The paper is basically a review of the above-mention chapter of the book – “Forgiveness and Reconciliation: Religion, Public Policy, and Conflict Transformation”. It entails an overview of the problem area that has been discussed in the chapter and summarises the theories and conclusions that have been reached by the author. It also provides a personal review and assessment of the chapter giving the strengths and the weaknesses and finally explains how the contents in the chapter contributed towards the conflict management field.
Chapter 15 is basically demystifies the Ghandi’s concepts and vision of reconciliation. It is titled: Through non-violence to Truth and is written by Anthony da Silva. The main purpose of chapter 15 is to initially introduce two key concepts in regards to Ghandi of reconciliation and forgiveness compared with their eastern anchorages (Helmick & Petersen, 307). The second purpose of the chapter is to study the relationship and relevance of these two concepts to the present day discussion on reconciliation and forgiveness as demystified mostly from the perspective of the west. Third and finally is to illustrate through several case studies sourced from India that though forgiveness and reconciliation may be expressed and embedded through a variety of cultural descriptions, it still remains a universal human desire.
The article is clear and provides clear explanation on the issue of forgiveness and reconciliation from the Ghandi point of view. The ghadian concepts that have been listed to further demystify the subject that is, Satya (truth), Satyaghara meaning truth force, ahimsa meaning non-violence (Helmick & Petersen, 312). The chapter has also made a clear comparison of the mediaeval concepts of reconciliation of the current disclosures.
As a way of providing a clear picture of the Ghandian concepts of forgiveness and reconciliation, the strongest technique that has been used to bring out a clear picture are the three case studies. The first is the darshan salt March and Ghandian nonviolence and reconciliation, the second is Dalit’s, Non-violence and Reconciliation and third is Caste, water and reconciliation (Helmick & Petersen, 317). Each of the case study puts a reader in a situation where he has to reflect on the case studied, do a reconciliation and finally reflect on the main points of the case study through a reflective question.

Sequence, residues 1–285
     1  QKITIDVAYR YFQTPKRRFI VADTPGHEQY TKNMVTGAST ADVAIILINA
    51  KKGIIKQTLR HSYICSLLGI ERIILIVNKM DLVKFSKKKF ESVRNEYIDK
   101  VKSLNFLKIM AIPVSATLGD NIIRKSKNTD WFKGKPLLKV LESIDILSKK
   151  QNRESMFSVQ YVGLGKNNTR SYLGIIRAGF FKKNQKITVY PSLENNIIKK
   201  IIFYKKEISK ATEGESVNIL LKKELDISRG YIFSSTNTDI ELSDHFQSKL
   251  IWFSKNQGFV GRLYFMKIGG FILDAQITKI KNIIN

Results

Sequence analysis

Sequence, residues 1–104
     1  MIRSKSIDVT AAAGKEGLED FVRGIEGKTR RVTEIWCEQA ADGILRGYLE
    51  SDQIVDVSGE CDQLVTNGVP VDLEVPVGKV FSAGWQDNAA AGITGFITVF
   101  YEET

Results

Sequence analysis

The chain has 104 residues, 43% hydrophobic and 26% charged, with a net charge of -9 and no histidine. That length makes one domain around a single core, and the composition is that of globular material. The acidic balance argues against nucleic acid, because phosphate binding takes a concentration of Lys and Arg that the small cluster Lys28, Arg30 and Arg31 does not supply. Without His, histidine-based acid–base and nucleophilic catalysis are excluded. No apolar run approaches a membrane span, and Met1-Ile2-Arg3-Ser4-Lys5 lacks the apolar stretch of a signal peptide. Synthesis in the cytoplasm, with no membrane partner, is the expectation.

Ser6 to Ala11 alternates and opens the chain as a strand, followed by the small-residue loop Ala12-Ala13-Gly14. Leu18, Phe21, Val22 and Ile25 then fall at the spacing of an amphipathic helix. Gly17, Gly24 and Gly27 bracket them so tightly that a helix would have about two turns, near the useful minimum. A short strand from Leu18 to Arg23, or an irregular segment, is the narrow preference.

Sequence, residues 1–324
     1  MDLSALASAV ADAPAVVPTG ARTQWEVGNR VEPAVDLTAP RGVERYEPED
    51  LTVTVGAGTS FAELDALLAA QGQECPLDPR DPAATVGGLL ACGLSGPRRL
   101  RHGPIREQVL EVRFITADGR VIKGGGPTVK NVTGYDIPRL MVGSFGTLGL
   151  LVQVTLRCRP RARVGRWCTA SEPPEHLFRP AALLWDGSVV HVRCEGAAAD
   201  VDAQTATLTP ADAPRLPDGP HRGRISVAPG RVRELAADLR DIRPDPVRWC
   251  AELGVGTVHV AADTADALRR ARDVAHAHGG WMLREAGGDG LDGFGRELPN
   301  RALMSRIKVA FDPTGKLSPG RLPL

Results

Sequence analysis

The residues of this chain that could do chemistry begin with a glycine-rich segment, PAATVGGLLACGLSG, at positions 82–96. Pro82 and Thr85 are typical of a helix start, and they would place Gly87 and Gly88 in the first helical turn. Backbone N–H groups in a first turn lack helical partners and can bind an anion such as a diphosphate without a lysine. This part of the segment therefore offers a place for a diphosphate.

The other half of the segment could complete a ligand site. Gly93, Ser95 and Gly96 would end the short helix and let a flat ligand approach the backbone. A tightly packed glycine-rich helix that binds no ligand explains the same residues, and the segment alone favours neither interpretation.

The article ultimately contributes towards the field of conflict management by helping in demystifying the concept of forgiveness and reconciliation from the Ghandian perspective and answers the question of the relationship between the mediaeval school of thought compared to the current or present day overview. The article shows how the act of forgiveness and reconciliation has helped warring nations to reconcile. It has used an example of the conflict between South Korea and North Korea, where there was a visible act of reconciliation between the two Korean nations populated by the same people not only filled the hearts of thousands of people with a craving for peace and unity but also caught the imagination of the world (Helmick & Petersen 322). In conclusion the article has a concluding remark that brings the reader’s attention to fact that it is desirable and possible to handle issues of confrontation and conflict in ways that bring people together and in ways that build rather than destroy through forgiveness and reconciliation. It provides illustration by giving the example of Dr. Martin Luther King Jr.with his non-violent technique of uniting the African American community in its hustle for civil liberties.
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